I took advantage of the opportunities that IFM provided for personal development in many ways – attending and giving papers at conferences, setting and marking exams, travelling to the American Fisheries Society conference, chairing Council and editing FISH. I am now using my knowledge and experience for the public benefit in promoting the advancement of the science and practice of sustainable fisheries and aquatic ecosystem protection, conservation and management. I hope that you will join me in this objective.
I have always had a passion for fisheries and the environment having been an enthusiastic angler growing up fishing the canals near Rugby, the Warwickshire Avon and rivers and dykes in Norfolk. My dream was to catch a mammoth pike. Combined with this enjoyment of the outdoors, is a spirit for adventure, and after leaving school I was a volunteer teacher, alongside my identical twin brother, in a village on the shores of Lake Victoria in Kenya, where I happened to catch a 50lb Nile perch on a Woolworths rod! After University, I spent over a year on the Mosquito Coast of Honduras with Tearfund working on a development project to support Miskito Indians, which included exploring tropical lagoons and mangrove swamp by dugout canoe.
Equipped with a BSc in Geography from Durham University and an MSc in Marine Environmental Protection from Bangor University, I was fortunate to be appointed as a Fisheries Officer with the National Rivers Authority in Hampshire in 1991. Who would have guessed that I would be still working in this field, now as the Environment Agency’s Senior Specialist for Salmonid Management for England.
Achievements that I am most proud of include winning a Millennium Marque for the Hermitage River Restoration Project, which remains one of the biggest urban river restoration projects in the south of England. Other highlights include chairing the England Chalk River Biodiversity Action Plan Steering Group, being lead author for the first ever report on the state of England’s chalk rivers and undertaking numerous chalkstream river restoration projects. More recently, I helped develop the Salmon Five Point Approach to conserve and enhance England’s salmon populations and I have enjoyed representing the Environment Agency at NASCO (North Atlantic Salmon Conservation Organisation).
Throughout this time, I have been an active member of the Institute of Fisheries Management, including gaining the IFM’s Certificate in the early 1990s and more recently being the Editor of the FISH magazine. I became the Executive Director in January 2020.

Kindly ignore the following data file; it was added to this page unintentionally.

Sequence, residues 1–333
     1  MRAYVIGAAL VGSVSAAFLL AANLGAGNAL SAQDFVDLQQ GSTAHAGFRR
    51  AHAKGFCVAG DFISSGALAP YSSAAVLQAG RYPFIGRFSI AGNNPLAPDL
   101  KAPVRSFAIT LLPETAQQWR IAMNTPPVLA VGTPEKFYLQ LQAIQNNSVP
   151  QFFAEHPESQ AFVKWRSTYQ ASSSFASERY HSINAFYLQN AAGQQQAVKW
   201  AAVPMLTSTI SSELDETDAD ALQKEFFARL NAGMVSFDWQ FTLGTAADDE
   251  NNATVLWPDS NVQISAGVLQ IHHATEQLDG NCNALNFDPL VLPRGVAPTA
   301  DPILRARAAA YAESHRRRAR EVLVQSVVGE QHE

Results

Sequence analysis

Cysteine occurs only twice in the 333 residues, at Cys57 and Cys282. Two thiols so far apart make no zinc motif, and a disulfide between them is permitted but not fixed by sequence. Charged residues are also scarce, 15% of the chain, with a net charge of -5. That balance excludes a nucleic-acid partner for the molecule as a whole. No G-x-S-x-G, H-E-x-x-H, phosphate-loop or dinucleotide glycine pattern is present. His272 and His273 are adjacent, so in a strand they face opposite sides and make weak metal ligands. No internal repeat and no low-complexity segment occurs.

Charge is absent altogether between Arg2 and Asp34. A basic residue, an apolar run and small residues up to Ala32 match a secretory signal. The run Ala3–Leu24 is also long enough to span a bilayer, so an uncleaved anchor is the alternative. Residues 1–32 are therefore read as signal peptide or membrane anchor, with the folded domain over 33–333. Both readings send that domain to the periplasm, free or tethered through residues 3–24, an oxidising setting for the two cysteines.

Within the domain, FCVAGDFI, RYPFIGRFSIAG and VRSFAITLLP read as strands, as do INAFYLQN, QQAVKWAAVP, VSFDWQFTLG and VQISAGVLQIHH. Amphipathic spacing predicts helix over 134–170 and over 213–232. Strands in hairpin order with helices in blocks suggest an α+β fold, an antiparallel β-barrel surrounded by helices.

I live in Winchester with Clare and three sons Harry, Charlie and Tom, and I am a keen allotmenteer, canoeist and marshman.
I lived abroad in Canada after leaving full time education and started in the environmental field in 1972 working for the Trent River Authority, then Severn Trent Water. I was involved in the management of put and take trout fisheries from a recreation aspect as well as river fisheries and management of a country park. After privatization I transferred to National Rivers Authority and thence to the Environment Agency, becoming a biodiversity officer. I retired in 2002
I joined IFM in 1979 serving as Membership Secretary from 1984 to 1998 and Treasurer from 1992 until 2010 and have been involved in Midlands Branch from 1984 onwards.
I was a Trustee for Nottinghamshire Wildlife Trust for 18 years and Chair from 2009 to 2014. I am now an Executive Vice President. I served on the CRT Regional Advisory Board from 2012 until 2019. I am a Trustee with Trent Rivers Trust and also serve on the Thorne and Hatfield Moors Conservation Forum.
I am an elected Vice President of the IFM and an Honorary Fellow and in 2010
I was awarded an MBE for services to fisheries management and conservation
I am passionate about wildlife and the aquatic environment and for 18years have enjoyed the nation’s canal network on our narrowboat Bittern.
Paul is from Northern Ireland and went home in 1979 to embark on a career in fisheries after
graduating from Liverpool University with a BSc in 1975 where he remained as a research student for
three more years, with a PhD subsequently awarded in 1981.
Paul has had a varied career of 40+ years in fisheries biology and management which falls into three
Manager River Bush Salmon Project, a 30-year government research programme into the biology
and population dynamics of Atlantic salmon, 1979-1988;
Freshwater Production Manager with Northern Salmon Co Ltd, the only commercial salmon
farming operation in Northern Ireland, 1988-1995;
Freelance consultant trading as Paul Johnston Associates, Fisheries Consultants, 1996-2019.
Paul has a particular interest in river restoration, salmonid habitat enhancement, and protected
freshwater species, notably Atlantic salmon and Freshwater pearl mussel. His consultancy career has
been largely focussed on environmental impact assessment (EIA) associated with road construction,